John Carlson: Happy As A Plate Of Clam Strips To Be On Vacation

Triple D’s Guy Fieri said this dive was worth a try. Photo by Nancy Carlson.Triple D’s Guy Fieri said this dive was worth a try. Photo by Nancy Carlson.

By John Carlson—

So there I was, standing in front of D.J.’s Clam Shack, thinking how the older you get, the less risky your vacations become.

It wasn’t that long ago one of my vacation goals was to join those hardy souls who summit Mt. Everest. Twenty minutes later, however, I decided that another equally worthwhile vacation goal is to not die while trying to do something stupid. If I wanted to explore gigantic natural protuberances, I decided, I’d just go to Dollywood.

Haven’t made it there yet, either.

That’s why, just like the past ten years, Nancy and I were recently vacationing with our friends Jimmy and Cathy Hayes down at our same old favorite place on the Gulf of Mexico near St. Pete. Unlike Mt. Everest, we could be fairly certain that when we left there, it would not be in a body bag. While it was gray and drizzly this particular day, I had yet to see the gulf’s watery environs explode with anything like awesome anger.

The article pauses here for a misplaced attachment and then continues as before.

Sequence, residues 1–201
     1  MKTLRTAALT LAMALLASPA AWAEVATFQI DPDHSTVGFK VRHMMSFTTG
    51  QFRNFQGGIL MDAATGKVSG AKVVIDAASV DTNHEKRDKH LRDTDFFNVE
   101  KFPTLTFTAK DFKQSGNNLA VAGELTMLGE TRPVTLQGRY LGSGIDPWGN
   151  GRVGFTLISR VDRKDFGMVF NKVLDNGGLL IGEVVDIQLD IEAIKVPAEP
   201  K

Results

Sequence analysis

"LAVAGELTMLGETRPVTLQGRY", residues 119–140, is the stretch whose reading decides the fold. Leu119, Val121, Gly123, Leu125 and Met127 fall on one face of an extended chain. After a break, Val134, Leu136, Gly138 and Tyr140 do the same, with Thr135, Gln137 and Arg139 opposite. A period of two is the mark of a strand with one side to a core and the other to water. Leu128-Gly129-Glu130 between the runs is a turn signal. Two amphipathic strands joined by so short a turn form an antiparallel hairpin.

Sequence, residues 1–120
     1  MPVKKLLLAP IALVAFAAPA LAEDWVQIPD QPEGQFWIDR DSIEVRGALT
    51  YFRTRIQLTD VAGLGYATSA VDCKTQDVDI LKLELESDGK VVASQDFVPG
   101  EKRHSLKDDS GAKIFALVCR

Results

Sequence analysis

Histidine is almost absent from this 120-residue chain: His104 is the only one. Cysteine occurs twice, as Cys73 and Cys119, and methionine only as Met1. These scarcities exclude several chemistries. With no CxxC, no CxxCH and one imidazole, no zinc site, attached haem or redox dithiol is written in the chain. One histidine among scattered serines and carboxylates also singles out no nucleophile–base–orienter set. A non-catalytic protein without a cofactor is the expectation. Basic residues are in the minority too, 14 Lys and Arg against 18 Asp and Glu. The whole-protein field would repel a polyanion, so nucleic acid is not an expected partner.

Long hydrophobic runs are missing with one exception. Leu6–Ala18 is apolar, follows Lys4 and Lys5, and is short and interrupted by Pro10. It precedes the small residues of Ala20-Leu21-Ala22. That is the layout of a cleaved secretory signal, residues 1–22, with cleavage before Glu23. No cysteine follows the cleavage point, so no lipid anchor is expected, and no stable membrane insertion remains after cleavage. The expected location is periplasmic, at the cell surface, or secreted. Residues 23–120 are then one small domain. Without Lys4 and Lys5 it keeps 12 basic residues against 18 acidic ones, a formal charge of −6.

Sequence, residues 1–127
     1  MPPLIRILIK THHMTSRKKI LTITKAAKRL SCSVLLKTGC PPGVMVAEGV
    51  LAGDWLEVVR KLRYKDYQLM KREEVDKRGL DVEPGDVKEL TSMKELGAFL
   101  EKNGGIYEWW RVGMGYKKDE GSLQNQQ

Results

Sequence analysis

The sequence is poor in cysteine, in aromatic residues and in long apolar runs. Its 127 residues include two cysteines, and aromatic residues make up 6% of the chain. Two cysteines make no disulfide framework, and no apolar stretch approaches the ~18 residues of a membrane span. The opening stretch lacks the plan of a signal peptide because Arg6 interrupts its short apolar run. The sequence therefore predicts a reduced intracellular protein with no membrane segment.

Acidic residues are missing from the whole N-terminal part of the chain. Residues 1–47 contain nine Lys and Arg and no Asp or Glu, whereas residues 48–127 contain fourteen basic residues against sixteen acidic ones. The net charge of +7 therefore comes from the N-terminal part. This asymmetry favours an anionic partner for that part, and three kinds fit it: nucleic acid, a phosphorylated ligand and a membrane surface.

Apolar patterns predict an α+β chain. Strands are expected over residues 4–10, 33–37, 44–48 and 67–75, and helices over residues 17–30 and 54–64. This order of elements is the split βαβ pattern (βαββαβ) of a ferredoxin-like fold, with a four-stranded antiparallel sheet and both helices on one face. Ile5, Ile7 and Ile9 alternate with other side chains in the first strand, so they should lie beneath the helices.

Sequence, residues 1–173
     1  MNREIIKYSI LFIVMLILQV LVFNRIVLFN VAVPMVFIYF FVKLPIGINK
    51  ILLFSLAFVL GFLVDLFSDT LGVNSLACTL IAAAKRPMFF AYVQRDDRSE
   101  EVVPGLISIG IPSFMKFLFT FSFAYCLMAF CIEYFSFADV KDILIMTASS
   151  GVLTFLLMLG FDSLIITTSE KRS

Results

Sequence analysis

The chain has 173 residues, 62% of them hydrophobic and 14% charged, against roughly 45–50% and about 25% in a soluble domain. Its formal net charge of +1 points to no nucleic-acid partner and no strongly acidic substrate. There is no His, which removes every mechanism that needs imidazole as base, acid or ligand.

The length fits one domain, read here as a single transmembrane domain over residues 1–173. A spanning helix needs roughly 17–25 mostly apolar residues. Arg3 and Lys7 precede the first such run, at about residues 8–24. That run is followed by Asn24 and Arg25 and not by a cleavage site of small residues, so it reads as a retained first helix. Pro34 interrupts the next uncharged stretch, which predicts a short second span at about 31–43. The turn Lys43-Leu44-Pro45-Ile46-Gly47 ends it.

Then Saturday as we were leaving it put on a pretty good show.

Looking out from our hotel room, I tried to formulate the words to convey its natural magnificence, then settled on this.

“Wow. That’s a crapload of waves.”

But most of the time, down there at our hotel in Florida, life seems pretty safe, assuming you aren’t one of the geckos that populate the courtyard. Watching from our balcony one afternoon, the hotel owner’s son patrolled the property with a powerful leaf blower strapped to his back, clearing wayward leaves and such. While he’s a nice young man, I was struck by how he must seem to be a wrathful, malevolent presence to those little green guys from the Geico commercials.

Caught up in the blast, they go tumbling past.

Of course, sometimes it’s the things you can’t even imagine that spell disaster on a vacation, for geckos and humans.

A little background. I am Guy Fieri’s biggest fan. I love Guy, and watch his signature cable show “Diners, Drive Ins and Dives” by the hour, though even I can’t figure out why he pronounces his last name with a T when it’s spelled with an R.

Anyway, there are a couple places Guy has visited on “Triple D” within a mile or two of our hotel, one a diner where the blackened grouper sandwiches are to die for. The other place is D.J.’s. Clam Shack. I had never visited it, but I trust Guy implicitly not to lead me astray, food-wise.

And yet, upon reading the words “Clam Shack” as we entered, I couldn’t help but feel a moment’s stomach-churning revulsion.

This feeling went back back to 1983. That year our family – Nancy, our daughter Katie, who wasn’t yet one-year-old, and I – set off in our dinky pickup truck bound for Maine, sleeping under the truck bed’s protective cap, tucked in among all the down sleeping bags and camp gear we could stuff into it.

All told, this was a pretty nice little vacation.